On the last day of the Balloons Over Waikato festival, Waikato News reporter Danielle Zollickhofer was invited to take a ride in the Abel Tasman balloon and filed this report.
The wind decided that we were heading to Ngāruawāhia that day - you can only influence a hot air balloon's altitude, not direction.
Ballooning is an elegant and peaceful experience. It is mostly quiet, the only noise comes from the CB radio and the gas burners, when the balloon is firing from time to time to produce more lift.
The annual balloon festival brought colour and lots of fun to Innes Common at Hamilton Lake and the sky over Waikato.
I'm sure many of those watching from the ground dreamed about taking off into the sky and flying away with the pilots, observing Hamilton and its surroundings from a bird's perspective.
Pilot Carsten Buschkuehle, who brought the balloon from the South Island for the event, said: "My favourite thing about ballooning is the silence. There is no motors, no noises."
Amazed, I was watching the massive crowd at Innes Common become smaller and smaller until they resembled an ant colony.
If you ever get the chance to go for a hot air balloon ride, absolutely go for it! It is a very cool and unique experience.
A passenger I spoke with earlier in the week, Helen Morgan, said: "I always wanted to try ballooning because it is adventurous but not too risky." According to my experience, I can only agree with her, feeling very privileged being in the basket.
In fact, ballooning used to be a royals-only experience in the 18th century, although these days there are some unglamorous and even crazy sides of riding in a hot air balloon.
As the last festival day was clear and sunny, the view over the Waikato was stunning. From below the few clouds, we could spot Te Rapa racecourse, Fonterra, Mainfreight, the Waikato River and Te Awa cycle bridge - and lots of other balloons.
Most of them were landing and deflating but it looked like one of the balloons was on a mission to go over the Hakarimata ranges.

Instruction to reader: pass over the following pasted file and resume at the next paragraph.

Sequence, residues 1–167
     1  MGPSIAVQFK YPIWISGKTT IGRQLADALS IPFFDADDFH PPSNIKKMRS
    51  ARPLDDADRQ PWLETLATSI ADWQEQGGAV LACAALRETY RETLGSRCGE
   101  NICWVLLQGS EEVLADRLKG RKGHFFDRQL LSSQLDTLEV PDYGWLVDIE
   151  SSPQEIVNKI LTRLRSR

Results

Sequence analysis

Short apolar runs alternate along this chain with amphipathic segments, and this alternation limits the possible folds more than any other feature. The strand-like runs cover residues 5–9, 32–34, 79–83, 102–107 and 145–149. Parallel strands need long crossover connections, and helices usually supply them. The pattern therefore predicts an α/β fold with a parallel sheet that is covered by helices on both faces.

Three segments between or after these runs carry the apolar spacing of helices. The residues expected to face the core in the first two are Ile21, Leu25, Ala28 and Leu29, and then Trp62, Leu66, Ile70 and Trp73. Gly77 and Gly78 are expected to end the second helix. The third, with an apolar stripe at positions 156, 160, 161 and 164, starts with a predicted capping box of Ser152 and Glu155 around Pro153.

Carsten decided to bring the balloon down before the mountains and we landed in a farmer's paddock. We got to know the unglamorous side of ballooning: because the paddock was so small and we wanted to avoid the electric fence, we had a controlled but hard landing, with the balloon basket tipping sideways.
"But this is completely normal and can happen quite often. Don't worry, not all landings are like that though," says Carsten.
Remember the crazy side of ballooning I mentioned earlier? There is a tradition called balloon baptism, also known as propane and champagne.
After a person's first hot air balloon ride, the pilot lights a strand of the passenger's hair on fire, symbolic of the fire that let them fly. The strand is extinguished with champagne, recognising the fact that ballooning used to be for royals only. For the final step, the pilot puts a tuft of grass or sprinkle of soil on the first-time balloon rider's head, usually from the ground where the balloon ride ended.
Despite the horror stories I heard before about balloon accidents, I felt very safe in the basket, which was surprisingly not shaking a lot despite the four people in it. Unless you are scared of heights, riding in a hot air balloon is rightly on many people's bucket list.